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Atlanta area braces for ice storm; 4 die in Texas

By Christina A. Cassidy
Associated Press

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ATLANTA: The city dodged the first punch of a dangerous winter storm Tuesday, but forecasters warned of a potentially “catastrophic” second blow in a thick layer of ice that threatened to bring hundreds of thousands of power outages and leave people in their cold, dark homes for days.

The streets and highways in metro Atlanta were largely deserted as people in the South’s business hub heeded advice from officials to hunker down at home, especially after the snow jam two weeks ago saw thousands of people stranded on icy, gridlocked roads for hours when 2 inches of snow fell.

“Last time I was totally unprepared, I was completely blindsided,” said Lisa Nadir, of Acworth, who sat in traffic for 13 hours and then spent the night in her car when the storm hit Jan. 28. “I’m going to be prepared from now on for the rest of my life.”

Nadir was telecommuting from home Tuesday and she had cat litter in her trunk in case she needed to put it down on icy roads for extra traction.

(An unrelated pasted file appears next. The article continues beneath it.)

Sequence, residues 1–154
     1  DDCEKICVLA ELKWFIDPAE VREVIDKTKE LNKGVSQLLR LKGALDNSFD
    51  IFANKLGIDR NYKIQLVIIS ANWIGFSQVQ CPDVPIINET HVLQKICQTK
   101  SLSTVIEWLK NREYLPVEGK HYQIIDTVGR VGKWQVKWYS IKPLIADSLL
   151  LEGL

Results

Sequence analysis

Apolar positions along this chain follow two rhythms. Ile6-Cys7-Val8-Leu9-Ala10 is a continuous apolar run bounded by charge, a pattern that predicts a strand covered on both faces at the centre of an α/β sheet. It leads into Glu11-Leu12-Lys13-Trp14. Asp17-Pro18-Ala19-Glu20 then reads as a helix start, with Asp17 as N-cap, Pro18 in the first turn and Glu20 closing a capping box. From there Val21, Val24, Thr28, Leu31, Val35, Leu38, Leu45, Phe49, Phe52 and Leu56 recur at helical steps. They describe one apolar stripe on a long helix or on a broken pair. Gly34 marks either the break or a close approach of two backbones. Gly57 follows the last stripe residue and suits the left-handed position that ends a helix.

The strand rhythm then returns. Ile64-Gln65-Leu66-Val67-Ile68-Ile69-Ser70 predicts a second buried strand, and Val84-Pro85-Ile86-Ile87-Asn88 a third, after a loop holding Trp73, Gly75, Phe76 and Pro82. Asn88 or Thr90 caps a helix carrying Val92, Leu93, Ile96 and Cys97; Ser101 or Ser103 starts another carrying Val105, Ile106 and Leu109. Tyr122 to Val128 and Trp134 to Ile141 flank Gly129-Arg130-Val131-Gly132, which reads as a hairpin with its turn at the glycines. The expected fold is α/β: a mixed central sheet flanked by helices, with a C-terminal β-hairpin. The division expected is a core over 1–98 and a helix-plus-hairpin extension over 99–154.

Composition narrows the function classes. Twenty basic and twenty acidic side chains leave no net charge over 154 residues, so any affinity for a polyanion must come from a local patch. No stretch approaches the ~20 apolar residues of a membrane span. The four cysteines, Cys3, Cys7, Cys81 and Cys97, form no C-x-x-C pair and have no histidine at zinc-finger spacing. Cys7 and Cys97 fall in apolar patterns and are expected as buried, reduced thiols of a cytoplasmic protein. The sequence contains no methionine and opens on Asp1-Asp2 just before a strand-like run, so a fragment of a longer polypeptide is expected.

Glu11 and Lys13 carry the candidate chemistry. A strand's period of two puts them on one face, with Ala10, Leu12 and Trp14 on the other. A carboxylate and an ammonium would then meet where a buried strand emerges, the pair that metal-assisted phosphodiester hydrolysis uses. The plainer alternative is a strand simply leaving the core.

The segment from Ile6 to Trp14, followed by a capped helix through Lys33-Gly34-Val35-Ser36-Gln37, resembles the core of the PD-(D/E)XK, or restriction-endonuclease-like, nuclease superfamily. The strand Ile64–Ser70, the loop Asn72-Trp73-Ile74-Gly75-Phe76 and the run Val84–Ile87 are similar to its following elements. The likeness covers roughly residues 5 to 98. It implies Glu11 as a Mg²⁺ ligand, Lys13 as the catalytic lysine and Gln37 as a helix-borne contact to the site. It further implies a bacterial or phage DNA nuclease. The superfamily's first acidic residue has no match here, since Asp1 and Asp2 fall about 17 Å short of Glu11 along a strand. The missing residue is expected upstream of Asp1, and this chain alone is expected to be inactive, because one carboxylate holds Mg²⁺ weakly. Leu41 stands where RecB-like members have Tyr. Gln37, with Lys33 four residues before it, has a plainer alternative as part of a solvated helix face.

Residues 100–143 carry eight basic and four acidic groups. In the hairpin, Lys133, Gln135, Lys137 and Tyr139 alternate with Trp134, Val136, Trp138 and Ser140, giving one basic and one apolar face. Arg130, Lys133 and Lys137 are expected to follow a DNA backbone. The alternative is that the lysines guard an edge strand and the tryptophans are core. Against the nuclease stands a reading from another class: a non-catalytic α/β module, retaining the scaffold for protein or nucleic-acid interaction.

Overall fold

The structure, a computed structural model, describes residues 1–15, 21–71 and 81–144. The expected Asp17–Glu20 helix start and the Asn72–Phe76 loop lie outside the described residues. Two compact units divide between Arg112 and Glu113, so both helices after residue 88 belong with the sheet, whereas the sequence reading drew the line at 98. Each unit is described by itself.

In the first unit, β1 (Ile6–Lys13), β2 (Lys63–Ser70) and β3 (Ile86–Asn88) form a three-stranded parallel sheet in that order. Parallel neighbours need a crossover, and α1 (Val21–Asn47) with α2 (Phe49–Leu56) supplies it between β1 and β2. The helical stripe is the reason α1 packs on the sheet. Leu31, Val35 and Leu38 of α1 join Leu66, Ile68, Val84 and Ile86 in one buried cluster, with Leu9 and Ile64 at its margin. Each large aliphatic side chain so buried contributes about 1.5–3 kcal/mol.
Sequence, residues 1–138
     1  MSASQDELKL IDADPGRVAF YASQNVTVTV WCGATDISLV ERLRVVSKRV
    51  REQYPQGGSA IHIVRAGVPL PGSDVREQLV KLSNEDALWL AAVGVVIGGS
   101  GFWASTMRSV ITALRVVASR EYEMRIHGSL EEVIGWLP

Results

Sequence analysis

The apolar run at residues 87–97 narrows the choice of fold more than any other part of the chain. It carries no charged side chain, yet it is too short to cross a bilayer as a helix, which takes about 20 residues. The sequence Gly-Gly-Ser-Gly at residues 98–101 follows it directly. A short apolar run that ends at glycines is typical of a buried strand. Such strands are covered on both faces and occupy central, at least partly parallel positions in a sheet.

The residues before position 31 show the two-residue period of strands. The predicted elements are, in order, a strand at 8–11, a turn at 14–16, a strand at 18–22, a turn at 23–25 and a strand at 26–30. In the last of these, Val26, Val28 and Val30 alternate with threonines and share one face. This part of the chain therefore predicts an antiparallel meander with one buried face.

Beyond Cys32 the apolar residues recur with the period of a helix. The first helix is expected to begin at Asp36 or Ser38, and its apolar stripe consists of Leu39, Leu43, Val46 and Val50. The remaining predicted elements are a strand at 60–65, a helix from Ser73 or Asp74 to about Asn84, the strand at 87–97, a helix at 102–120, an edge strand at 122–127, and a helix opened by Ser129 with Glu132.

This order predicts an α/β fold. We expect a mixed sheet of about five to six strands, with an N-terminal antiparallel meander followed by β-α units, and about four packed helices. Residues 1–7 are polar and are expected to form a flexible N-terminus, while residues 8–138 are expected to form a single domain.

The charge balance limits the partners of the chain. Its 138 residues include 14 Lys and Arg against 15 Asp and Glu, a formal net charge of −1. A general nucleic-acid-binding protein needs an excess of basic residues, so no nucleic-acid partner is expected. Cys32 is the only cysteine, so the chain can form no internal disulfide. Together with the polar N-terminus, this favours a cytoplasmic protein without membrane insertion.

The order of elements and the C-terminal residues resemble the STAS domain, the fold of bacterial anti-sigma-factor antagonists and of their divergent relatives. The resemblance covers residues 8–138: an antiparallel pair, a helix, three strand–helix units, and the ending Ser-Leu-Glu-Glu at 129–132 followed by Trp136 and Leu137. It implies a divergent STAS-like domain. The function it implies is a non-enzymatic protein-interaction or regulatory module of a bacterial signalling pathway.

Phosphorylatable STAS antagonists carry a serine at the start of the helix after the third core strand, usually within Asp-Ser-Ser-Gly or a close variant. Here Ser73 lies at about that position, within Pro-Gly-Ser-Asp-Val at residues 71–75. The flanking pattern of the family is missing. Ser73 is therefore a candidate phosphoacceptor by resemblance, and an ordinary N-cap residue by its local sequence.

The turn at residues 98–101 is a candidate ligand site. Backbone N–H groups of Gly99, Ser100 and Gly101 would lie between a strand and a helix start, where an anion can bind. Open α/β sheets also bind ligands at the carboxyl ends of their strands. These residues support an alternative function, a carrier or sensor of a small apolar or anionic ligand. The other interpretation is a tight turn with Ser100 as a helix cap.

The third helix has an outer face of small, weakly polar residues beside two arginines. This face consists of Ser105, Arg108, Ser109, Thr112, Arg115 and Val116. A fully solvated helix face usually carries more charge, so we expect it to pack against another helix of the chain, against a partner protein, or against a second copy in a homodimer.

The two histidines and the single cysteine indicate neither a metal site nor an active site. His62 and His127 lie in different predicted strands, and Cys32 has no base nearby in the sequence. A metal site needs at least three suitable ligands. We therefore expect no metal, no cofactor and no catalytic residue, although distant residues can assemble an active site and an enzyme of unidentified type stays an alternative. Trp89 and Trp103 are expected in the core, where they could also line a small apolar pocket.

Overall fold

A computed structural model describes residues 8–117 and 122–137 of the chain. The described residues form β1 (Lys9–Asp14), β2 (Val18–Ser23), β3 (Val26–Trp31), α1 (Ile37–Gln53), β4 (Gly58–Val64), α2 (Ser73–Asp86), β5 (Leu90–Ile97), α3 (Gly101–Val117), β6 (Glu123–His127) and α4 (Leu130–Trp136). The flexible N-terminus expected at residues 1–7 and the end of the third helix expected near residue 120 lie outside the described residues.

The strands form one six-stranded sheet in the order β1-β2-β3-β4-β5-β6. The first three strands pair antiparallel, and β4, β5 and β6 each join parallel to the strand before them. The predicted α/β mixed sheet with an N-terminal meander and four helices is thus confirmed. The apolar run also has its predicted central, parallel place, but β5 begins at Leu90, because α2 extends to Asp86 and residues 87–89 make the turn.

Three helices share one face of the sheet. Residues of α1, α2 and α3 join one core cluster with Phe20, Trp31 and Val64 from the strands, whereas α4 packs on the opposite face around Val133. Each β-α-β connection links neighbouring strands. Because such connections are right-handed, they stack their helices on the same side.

Eli Jacks, a meteorologist with the National Weather Service, said forecasters use words like “catastrophic” sparingly.

“Sometimes we want to tell them, ‘Hey, listen, this warning is different. This is really extremely dangerous and it doesn’t happen very often,”’ Jacks said.

“I think three-quarters of an inch of ice anywhere would be catastrophic,” Jacks said.

But the Atlanta area and other parts of the South are particularly vulnerable because there are so many trees and limbs hanging over power lines. When the ice builds up on them, limbs snap and fall, knocking out power.

Hundreds of Georgia National Guard troops were on standby in case evacuations were needed at hospitals or nursing homes, and more than 70 shelters were set to open. President Barack Obama declared a state of emergency in Georgia, ordering federal agencies to help the state and local response during the storm.

Around the South, slick roads were causing problems. In North Texas, at least four people died on icy roads, including a Dallas firefighter who was knocked from an interstate ramp and fell 50 feet, according to a police report.


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